28 Feb 2014: The PLOS ONE Staff (2014) Correction: Texting and Walking: Strategies for Postural Control and Implications for Safety. PLoS ONE 9(2): e91489. doi: 10.1371/journal.pone.0091489 View correction
There are concerns about the safety of texting while walking. Although evidence of negative effects of mobile phone use on gait is scarce, cognitive distraction, altered mechanical demands, and the reduced visual field associated with texting are likely to have an impact. In 26 healthy individuals we examined the effect of mobile phone use on gait. Individuals walked at a comfortable pace in a straight line over a distance of ~8.5 m while; 1) walking without the use of a phone, 2) reading text on a mobile phone, or 3) typing text on a mobile phone. Gait performance was evaluated using a three-dimensional movement analysis system. In comparison with normal waking, when participants read or wrote text messages they walked with: greater absolute lateral foot position from one stride to the next; slower speed; greater rotation range of motion (ROM) of the head with respect to global space; the head held in a flexed position; more in-phase motion of the thorax and head in all planes, less motion between thorax and head (neck ROM); and more tightly organized coordination in lateral flexion and rotation directions. While writing text, participants walked slower, deviated more from a straight line and used less neck ROM than reading text. Although the arms and head moved with the thorax to reduce relative motion of the phone and facilitate reading and texting, movement of the head in global space increased and this could negatively impact the balance system. Texting, and to a lesser extent reading, modify gait performance. Texting or reading on a mobile phone may pose an additional risk to safety for pedestrians navigating obstacles or crossing the road.
Citation: Schabrun SM, van den Hoorn W, Moorcroft A, Greenland C, Hodges PW (2014) Texting and Walking: Strategies for Postural Control and Implications for Safety. PLoS ONE 9(1): e84312. doi:10.1371/journal.pone.0084312
Editor: Steve Milanese, University of South Australia, Australia
Received: March 27, 2013; Accepted: November 14, 2013; Published: January 22, 2014
Copyright: © 2014 Schabrun et al. This is an open-access article distributed under the terms of the Creative Commons Attribution License, which permits unrestricted use, distribution, and reproduction in any medium, provided the original author and source are credited.
Funding: SM Schabrun is supported by a Clinical Research fellowship (ID631612) and PW Hodges by a Senior Principal Research fellowship (ID1002190) both from the National Health and Medical Research Council of Australia. Funding for the study was provided by the National Health and Medical Research Council of Australia (ID631717). The funders had no role in study design, data collection and analysis, decision to publish, or preparation of the manuscript.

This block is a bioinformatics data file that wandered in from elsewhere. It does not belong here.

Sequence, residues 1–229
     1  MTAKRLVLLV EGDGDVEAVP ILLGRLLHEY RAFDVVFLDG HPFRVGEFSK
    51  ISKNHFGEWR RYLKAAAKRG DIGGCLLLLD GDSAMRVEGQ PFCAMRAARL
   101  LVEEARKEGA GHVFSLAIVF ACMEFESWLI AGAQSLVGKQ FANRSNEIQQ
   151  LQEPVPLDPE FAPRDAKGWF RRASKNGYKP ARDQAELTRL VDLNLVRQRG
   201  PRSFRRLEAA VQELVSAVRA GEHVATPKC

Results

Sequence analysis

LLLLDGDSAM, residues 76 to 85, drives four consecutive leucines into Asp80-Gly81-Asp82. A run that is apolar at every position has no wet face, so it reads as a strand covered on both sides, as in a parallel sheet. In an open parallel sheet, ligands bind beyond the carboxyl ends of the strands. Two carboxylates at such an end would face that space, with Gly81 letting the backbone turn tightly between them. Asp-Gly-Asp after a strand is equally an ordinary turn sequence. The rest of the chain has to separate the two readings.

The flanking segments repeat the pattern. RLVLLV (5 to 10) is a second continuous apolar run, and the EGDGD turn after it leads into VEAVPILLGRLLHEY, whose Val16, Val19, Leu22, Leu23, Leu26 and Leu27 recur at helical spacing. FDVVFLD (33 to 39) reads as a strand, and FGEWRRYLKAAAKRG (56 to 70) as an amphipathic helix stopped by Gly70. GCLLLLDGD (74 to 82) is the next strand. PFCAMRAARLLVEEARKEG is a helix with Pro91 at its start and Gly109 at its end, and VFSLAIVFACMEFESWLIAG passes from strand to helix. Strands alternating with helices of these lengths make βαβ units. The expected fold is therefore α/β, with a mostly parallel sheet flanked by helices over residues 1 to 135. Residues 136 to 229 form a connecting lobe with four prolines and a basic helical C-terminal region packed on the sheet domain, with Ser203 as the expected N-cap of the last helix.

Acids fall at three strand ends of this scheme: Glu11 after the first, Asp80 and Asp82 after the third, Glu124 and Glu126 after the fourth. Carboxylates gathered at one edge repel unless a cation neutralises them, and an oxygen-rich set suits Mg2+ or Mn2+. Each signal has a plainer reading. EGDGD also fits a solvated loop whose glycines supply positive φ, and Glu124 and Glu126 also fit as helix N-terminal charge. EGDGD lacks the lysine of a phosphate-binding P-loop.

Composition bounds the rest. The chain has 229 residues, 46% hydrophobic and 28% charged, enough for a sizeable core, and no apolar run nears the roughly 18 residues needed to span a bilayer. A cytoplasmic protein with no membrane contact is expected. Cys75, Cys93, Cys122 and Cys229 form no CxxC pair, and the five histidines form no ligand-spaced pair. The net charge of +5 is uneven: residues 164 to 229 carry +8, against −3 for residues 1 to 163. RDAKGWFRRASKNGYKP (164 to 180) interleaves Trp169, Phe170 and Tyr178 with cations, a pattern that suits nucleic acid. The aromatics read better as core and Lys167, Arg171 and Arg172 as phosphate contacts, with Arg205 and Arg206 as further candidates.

Competing interests: The authors have declared that no competing interests exist.
Mobile phones are considered an essential part of everyday life, saturating all age groups and demographics. It is estimated that 77% of the world's population own a mobile phone and texting in particular, has emerged as a quick and cost effective method of communication. Although the dangers of typing text while driving have received considerable interest (e.g. , ), attention has only recently shifted to safety risks associated with texting while walking. For instance, individuals who type text while crossing the street in a virtual pedestrian environment experience more hits by motor vehicles, and look away from the street environment more frequently, than those who are not distracted . Similarly, use of the email function on a mobile phone, which employs similar cognitive and manual demands as texting, reduces gait velocity, stride length and stance phase during walking . These findings, coupled with a sharp increase in the number of pedestrians injured while talking or texting on a mobile phone since 2006 , have led to bans on texting while walking in some towns in the United States . Yet despite the apparent danger of texting while walking, only one study has examined how texting affects gait kinematics.
Typing and reading text on a mobile phone may modify walking as a result of the increased cognitive demand placed on working memory and executive control  during performance of dual tasks, decreased availability of visual information of surroundings, or modified physical/mechanical demands associated with manipulation of the phone (e.g. requirement to maintain a stable relationship between eyes and phone in the hands), yet there is little data available to compare these challenges. Further, altered physical and cognitive demands as a result of the diverse uses of mobile phones (e.g. reading vs. typing text) may produce differing effects on gait performance. Lamberg and Muratori  recently demonstrated reduced walking speed and deviation from a straight path while typing text on a mobile phone, which they argued to be caused by cognitive distraction of a dual task. However, that study occluded vision of the floor and target with a hood that obscured all but the mobile phone from view and gait may have been altered by reduced availability of visual information (e.g. peripheral vision) rather than increased cognitive demands of texting. Typing text in natural circumstances preserves peripheral vision and this may be sufficient to guide an individual along a straight path at reasonable velocity, although effects may differ between typing and reading text.